Update: ReST version of Shellsort, Mergesort, and some KA-style exercises

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shaffer
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Just want to bring folks up to date on what we have been doing lately.

JSAV continues to progress as Ville can find time from his classes. As we have had more users (I have several students working on implementing prototypes), we have been able to report a number of bugs and refinements that he has fixed, making the whole system more stable. We are starting to hit on some of the tree code, so that should be getting into pretty good shape. Hopefully we will have linked lists before too long.

Check out our progress with using reStructuredText to author modules. I have a fairly complete version of the Shellsort tutorial in place. (I just have that one nasty collection of Khan Academy-style exercises still to do that involves combining the KA infrastructure with JSAV. It should be coming soon.) You can see our current status at: http://algoviz.org/OpenDSA/RST/build/html/ . Eric should be able to start soon on transferring our old preprocessor support to integrate with Sphinx and the reST implementation for the modules. Right now, he is working on a proof-of-concept interface for letting instructors select modules for their version of a textbook.

Various students are working on a number of projects, including: Selection sort visualization, insertion sort visualization, converting our old Hashing Tutorial main applet to JavaScript, k-d tree visualization, Huffman coding visualization, Hashing KA-style exercises, converting the Khan Academy student tracking infrastructure to for our use, and a graphical interface for writing simple questions and outputting them in KA exercise infrastructure format. Some of this can be found already in our repositories, some of it will be made available in the near future.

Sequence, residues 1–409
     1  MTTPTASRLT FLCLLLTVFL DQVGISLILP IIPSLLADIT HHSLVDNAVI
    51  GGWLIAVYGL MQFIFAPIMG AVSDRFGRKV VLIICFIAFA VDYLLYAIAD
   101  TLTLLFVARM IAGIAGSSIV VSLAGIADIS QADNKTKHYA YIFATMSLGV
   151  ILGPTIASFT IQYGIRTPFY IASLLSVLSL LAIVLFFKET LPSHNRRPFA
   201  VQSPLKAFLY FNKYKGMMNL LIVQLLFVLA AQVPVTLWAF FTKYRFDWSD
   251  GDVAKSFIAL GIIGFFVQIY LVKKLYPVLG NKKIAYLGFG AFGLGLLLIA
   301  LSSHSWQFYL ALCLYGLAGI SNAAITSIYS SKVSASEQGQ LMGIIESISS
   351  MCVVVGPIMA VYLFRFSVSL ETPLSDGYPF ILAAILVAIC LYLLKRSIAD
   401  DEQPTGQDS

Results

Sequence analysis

At the moment, I am thinking that we will use this summer to create a full end-to-end prototype Sorting tutorial, complete with visualizations and exercies, integrated with support for students logging in and having their progress through the modules/exercises tracked. The hope is to then deploy this in my Data Structures class in the Fall for an initial round of classroom studies. Sorting seems like a natural since it is about the right size (would be used for about two weeks of class) and we already have several visualizations in hand. If you have an interest in maybe using this in your class during the coming year, let me know. I know much of this is still a bit at the vapor-ware stage, but there should be a lot more to show in May.

I am also happy to announce that we have received notification that our NSF TUES proposal will be funded, hopefully starting next month. This is a joint proposal between myself at Virginia Tech, Tom Naps from University of Wisconsin at Oshkosh, and Richard Baraniuk who leads Rice University’s Connexions project. Thank you to NSF both for the much-needed financial support and the increased recognition that this should bring to the whole effort.